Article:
Jailed Kremlin critic Alexei Navalny’s trial on a new string of “extremism” charges was abruptly ordered to be held behind closed doors at its first hearing, the independent Mediazona news website reported.
Navalny, 47, faces up to 30 more years on the latest charges, which he and his allies have slammed as a politically motivated effort to lock up President Vladimir Putin’s loudest domestic critic for life.
"The court has decided to make the Navalny trial closed," Moscow City Court spokesman Vadim Polezhayev told reporters at Navalny’s penal colony in the Vladimir region where the trial is taking place. "The press is asked to leave the room."
Polezhayev said that Judge Andrei Suvorov had made the final decision to hold the trial behind closed doors, Mediazona reported.
Journalists had been barred from attending the court session in person and were watching the hearing in a separate room via a video feed.
Court officials did not explain why it decided to hold the trial behind closed doors.
Navalny’s father, who had traveled to the penal colony to attend the hearing in person, slammed the court’s decision.
"Shameless — no conscience, or honor," Anatoly Navalny told AFP journalists at the maximum security IK-6 penal colony in Melekhovo, 250 kilometers east of Moscow.
Navalny faces multiple new criminal charges, including calling for “extremism,” creating an “extremist community,” and rehabilitating Nazism.
He faces a maximum of 30 more years in prison in addition to the nine-year sentence he is currently serving.
At Monday’s hearing, Navalny demanded that his trial take place in a regular courtroom setting open to the public.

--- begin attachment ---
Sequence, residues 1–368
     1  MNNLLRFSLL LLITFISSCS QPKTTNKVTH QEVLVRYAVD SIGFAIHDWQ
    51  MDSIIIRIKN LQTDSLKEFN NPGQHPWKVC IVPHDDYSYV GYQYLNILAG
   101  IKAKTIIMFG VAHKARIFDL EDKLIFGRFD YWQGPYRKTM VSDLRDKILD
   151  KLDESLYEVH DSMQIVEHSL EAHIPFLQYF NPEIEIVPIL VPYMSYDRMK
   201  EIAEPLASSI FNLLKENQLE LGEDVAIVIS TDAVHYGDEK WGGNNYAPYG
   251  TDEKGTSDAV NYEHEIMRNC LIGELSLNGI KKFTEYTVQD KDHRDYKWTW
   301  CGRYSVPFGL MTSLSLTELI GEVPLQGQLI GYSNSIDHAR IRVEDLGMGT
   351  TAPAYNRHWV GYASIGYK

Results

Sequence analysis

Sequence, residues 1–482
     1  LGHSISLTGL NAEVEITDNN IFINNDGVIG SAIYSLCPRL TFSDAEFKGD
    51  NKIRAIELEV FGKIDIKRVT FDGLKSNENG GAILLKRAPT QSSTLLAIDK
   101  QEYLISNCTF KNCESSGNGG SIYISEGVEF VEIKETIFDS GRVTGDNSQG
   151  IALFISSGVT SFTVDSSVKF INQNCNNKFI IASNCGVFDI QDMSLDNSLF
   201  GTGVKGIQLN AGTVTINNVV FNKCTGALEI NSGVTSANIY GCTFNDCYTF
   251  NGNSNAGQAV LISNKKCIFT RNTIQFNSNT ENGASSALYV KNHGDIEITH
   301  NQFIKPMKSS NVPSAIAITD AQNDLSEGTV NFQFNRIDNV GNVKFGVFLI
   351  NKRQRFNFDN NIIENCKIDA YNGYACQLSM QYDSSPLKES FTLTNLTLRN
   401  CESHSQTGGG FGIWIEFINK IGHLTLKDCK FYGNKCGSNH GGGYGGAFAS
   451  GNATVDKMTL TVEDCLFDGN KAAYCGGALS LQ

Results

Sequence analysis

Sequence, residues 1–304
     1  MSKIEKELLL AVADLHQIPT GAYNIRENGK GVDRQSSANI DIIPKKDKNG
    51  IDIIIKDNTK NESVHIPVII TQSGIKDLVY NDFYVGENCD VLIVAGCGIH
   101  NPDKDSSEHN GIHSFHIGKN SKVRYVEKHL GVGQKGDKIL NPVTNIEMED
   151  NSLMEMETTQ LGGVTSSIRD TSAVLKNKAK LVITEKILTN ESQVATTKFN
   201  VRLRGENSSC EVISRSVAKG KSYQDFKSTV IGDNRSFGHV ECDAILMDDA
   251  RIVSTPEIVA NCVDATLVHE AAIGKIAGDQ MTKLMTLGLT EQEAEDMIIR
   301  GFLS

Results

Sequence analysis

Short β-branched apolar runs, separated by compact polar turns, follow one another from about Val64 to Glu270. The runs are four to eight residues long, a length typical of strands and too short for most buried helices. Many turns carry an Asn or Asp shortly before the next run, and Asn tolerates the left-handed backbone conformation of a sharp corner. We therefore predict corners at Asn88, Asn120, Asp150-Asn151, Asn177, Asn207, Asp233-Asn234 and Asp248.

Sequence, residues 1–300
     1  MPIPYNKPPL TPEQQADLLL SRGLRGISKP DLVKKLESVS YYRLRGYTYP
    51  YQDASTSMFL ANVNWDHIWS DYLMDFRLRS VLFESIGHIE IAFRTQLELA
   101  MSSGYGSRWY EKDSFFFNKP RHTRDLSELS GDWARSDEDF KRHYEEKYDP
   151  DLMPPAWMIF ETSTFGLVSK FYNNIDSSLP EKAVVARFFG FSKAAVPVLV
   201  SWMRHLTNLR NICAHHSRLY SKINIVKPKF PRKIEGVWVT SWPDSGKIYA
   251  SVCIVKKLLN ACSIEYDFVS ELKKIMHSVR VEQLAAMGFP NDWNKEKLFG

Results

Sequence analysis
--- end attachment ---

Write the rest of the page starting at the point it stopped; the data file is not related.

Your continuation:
"There hasn't been a day when I haven't been reminded that I am just as condemned as everyone else. If I'm just like everyone else, judge me like everyone else," Navalny said.
Prosecutor Nadezhda Tikhonova said access to the courtroom had been restricted out of safety concerns.
Navalny’s allies argue that Russian authorities are attempting to conceal the trial due to a lack of evidence against him.
“The only way for them not to embarrass themselves (as they think) is to close it completely,” his spokesperson Kira Yarmysh wrote on Twitter.
Navalny, who has complained of health problems since being jailed and experienced major weight loss, said that prosecutors had provided him with 3,828 pages describing all the crimes he is alleged to have committed while in prison.
"Although it's clear from the size of the tomes that I am a sophisticated and persistent criminal, it's impossible to find out what exactly I am accused of," Navalny quipped.
Navalny was imprisoned upon his January 2021 return to Russia after recovering from a near-fatal poisoning with what Western scientists determined was the banned military-grade nerve agent Novichok.
Russian officials outlawed Navalny’s political and activist groups as "extremist" organizations later that year, prompting nearly all of his close aides to leave the country.
AFP contributed reporting.